Currently in Theaters
Her: A conclave of Hollywood’s top Jews have collected to make one of the year’s best films in “Her.” Written and directed by Spike Jonze (born Adam Spiegel) and starring Joaquin Phoenix and the voice of Scarlett Johannson, “Her” is a remarkable sci-fi/romantic comedy hybrid that takes its far-out premise and goes to unpredictable and deeply emotional places.
Set in the not-too-distant future, Phoenix plays a lonely, confused man who falls in love with his highly advanced computer operating system. Amazingly, the movie isn’t an essay on how we determine sentient life. Instead, it merely shows the difficulties all new relationships face — and this one just has rather specific issues. Such as one person merely being a disembodied, hyper-intelligent voice.
This is a really smart, funny movie that offers great insight into “how we live now,” and one that will be discussed for years.
Grudge Match: Alan Arkin schlumps along as Sylvester Stallone’s old Jewish trainer in this alter kaker special. Stallone, forever the nice guy, is an unemployed steel worker given once last chance to settle the score against his old rival, played by loveable loud mouth Robert De Niro. The movie is 100% by the numbers and has no surprises, but if you like having a movie on while you do other things around the house, this is a reasonable one to watch. (You can’t bring your ironing into the theater, though, so you’ll have to wait for DVD.)
Delivery Man: The sin of Onan catches up to Vince Vaughn in ways not predicted in the Book of Genesis in this lighthearted and emotional comedy. Twenty years ago, Vaughn’s character David Wozniak was a frequent donor at a sperm bank. For reasons that are never fully explained, his seed was used over 500 times, thus giving him a whole platoon of offspring. Despite an anonymity clause in the contract, his spawn are pushing a class action lawsuit through to meet their mysterious father.
It’s a far-fetched and somewhat sappy film, but ultimately ends with a warm, humanist message. As unlikely as it may seem, you may find yourself moved.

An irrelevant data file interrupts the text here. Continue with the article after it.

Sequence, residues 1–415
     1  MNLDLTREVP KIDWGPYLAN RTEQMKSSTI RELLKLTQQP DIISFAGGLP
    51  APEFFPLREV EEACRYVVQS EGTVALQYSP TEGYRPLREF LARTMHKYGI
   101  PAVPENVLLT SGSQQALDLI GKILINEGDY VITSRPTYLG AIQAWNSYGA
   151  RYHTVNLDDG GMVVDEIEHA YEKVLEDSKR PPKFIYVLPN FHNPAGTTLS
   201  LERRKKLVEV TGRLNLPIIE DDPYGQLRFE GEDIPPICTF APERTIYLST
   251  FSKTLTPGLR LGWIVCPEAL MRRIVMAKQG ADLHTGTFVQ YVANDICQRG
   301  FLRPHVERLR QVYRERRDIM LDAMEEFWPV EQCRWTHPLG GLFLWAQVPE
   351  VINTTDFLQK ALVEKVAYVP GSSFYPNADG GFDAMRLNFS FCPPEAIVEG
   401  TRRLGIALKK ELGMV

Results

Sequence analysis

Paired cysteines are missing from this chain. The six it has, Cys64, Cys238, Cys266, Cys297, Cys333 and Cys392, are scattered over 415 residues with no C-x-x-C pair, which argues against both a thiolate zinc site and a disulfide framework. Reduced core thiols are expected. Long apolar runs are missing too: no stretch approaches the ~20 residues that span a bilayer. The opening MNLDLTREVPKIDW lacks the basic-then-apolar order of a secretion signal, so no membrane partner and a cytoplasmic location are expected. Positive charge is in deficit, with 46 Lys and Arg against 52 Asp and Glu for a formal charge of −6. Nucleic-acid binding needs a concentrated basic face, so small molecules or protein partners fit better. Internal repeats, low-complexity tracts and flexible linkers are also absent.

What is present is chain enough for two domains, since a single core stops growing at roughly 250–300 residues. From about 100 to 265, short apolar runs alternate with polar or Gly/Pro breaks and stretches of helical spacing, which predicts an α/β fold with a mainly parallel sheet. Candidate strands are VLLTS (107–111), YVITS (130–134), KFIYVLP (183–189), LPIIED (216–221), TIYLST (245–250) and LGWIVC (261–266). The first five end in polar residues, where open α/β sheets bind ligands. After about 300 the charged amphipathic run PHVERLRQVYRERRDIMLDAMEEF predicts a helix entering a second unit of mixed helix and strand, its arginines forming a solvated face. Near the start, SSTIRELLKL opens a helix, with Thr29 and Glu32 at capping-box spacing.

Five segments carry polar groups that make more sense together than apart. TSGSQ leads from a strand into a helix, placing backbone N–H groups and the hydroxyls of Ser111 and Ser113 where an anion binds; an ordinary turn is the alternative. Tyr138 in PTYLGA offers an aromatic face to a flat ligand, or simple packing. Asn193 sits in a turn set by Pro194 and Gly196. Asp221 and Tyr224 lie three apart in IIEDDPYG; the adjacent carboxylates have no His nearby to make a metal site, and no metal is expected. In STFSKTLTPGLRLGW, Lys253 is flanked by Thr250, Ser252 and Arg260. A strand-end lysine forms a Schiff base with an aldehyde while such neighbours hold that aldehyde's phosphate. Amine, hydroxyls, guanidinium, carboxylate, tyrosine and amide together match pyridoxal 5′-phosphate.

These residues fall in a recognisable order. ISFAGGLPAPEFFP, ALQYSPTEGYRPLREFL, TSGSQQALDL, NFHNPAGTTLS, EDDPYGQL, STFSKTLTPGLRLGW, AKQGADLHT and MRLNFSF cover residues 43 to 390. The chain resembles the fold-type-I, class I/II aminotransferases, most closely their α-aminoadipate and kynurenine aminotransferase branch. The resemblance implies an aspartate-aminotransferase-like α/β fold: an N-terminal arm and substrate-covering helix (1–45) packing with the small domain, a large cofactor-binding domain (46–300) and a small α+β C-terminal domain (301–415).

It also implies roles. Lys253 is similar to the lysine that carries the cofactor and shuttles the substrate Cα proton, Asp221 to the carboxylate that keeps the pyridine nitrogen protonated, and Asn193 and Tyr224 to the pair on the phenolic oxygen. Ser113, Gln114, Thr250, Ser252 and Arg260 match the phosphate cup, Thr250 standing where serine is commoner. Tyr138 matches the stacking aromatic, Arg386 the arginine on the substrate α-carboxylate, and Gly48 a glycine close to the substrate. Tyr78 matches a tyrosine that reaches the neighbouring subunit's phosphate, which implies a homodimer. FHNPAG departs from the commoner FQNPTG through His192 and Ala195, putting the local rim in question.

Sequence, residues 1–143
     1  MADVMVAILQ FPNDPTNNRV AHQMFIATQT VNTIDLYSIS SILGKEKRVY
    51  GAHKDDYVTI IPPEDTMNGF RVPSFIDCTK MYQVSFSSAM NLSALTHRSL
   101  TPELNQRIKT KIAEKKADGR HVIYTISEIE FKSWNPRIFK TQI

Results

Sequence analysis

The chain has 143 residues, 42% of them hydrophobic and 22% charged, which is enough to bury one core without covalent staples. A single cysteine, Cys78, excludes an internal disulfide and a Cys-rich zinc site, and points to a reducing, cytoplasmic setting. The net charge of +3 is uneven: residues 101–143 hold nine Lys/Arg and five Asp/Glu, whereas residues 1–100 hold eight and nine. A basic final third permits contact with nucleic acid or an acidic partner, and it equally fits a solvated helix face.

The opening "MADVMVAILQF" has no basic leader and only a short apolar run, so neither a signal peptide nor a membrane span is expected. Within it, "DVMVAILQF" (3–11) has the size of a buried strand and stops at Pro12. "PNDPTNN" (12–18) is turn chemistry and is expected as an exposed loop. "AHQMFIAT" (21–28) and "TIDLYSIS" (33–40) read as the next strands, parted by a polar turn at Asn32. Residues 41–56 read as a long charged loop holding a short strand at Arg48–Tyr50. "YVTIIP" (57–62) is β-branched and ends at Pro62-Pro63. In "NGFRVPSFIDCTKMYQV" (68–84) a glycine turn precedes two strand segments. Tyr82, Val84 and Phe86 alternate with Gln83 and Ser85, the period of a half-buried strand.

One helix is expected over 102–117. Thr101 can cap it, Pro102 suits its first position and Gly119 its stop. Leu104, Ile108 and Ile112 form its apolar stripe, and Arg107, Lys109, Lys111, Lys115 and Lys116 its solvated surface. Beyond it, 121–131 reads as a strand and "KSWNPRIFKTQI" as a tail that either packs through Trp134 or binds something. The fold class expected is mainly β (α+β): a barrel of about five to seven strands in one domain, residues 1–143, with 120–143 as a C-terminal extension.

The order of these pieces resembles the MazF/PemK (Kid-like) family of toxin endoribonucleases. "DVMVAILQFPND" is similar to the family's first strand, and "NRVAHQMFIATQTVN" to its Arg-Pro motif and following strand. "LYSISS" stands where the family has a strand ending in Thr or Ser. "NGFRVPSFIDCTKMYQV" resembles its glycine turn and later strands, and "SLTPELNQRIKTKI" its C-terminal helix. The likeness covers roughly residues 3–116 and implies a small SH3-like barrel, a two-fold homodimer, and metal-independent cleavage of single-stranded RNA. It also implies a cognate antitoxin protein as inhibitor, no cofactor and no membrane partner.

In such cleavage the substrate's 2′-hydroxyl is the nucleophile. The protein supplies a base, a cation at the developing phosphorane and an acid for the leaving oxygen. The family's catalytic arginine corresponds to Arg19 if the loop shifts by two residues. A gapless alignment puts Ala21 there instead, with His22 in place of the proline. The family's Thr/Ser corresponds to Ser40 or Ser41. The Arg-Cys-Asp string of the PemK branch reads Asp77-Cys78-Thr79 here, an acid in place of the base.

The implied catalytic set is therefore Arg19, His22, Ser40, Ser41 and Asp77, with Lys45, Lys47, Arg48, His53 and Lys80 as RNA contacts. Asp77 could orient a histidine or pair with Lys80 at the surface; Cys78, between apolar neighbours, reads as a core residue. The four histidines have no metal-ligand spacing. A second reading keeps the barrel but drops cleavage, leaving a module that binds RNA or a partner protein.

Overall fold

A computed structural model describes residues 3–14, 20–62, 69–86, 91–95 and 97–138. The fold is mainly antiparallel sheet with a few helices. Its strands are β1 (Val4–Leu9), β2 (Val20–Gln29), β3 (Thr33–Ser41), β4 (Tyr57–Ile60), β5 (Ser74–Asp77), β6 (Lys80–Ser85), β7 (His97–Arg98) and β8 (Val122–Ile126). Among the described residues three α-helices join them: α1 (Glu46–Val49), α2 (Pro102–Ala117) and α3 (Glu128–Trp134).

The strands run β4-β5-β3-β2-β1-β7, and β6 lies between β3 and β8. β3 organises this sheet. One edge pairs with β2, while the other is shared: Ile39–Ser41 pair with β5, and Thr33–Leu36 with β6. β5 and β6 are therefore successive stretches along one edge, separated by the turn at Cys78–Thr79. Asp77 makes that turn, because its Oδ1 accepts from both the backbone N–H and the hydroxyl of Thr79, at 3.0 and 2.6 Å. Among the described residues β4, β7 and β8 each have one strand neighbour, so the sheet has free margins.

12 Years A Slave: Bring a Tylenol to this profound and profoundly depressing work of true cinematic art. Some have called this slavery’s “Schindler’s List” and not without good reason. Chiwetel Ejiofor’s strong, nuanced portrayal of the real-life free man kidnapped and brought to the American South to toil and suffer will become the stuff of legend. There are no explicitly Jewish characters portrayed in this film – for which we should all be grateful. The film is directed by Afro-British Steve McQueen (director of “Shame” and “Hunger” and, yes, a different Steve McQueen) and written by African-American John Ridley (“Three Kings,” “Red Tails.”) It is produced by Brad Pitt (who has a small but significant role) and Israeli media mogul Arnon Milchan. Good on you, Arnie – this one is a mitzvah.
Hester Street: Joan Micklen Silver’s rich portrait of Jewish-American life on New York’s Lower East Side is essential viewing about the Jewish experience. Starring a young Carol Kane and based on a memoir by Abraham Cahan, this low budget black and white picture feels less like a movie than some sort of time capsule. Much of it is in Yiddish. The Jerusalem Cinematheque’s presentation on Saturday February 1st at 11am will feature a concert of traditional klezmer music and a lecture from Professor Eliyahu Schleifer.
High Noon: One of the greatest American Westerns was written by a Jew (Carl Forman), produced by a Jew (Stanley Kramer) and directed by a Jew (Fred Zinnemann.) Hopalong Cohen, indeed! Gary Cooper stars as Marshal Will Kane, who will not stand down against revenge-seeing Frank Miller even when the rest of the town has left him to fend for himself. The movie plays out in (close to) real time and is a master class in filmmaking. It’s one of the all time greats and, so long as you check your spurs at the door, you have an opportunity to see it on the big screen at the Jerusalem Cinematheque on Sunday February 2nd at 7pm and the Tel Aviv Cinematheque on Thursday February 6th at 7 pm. (Oh, and the memorable music was written by Dimitri Tiomkin, another Jew, too.)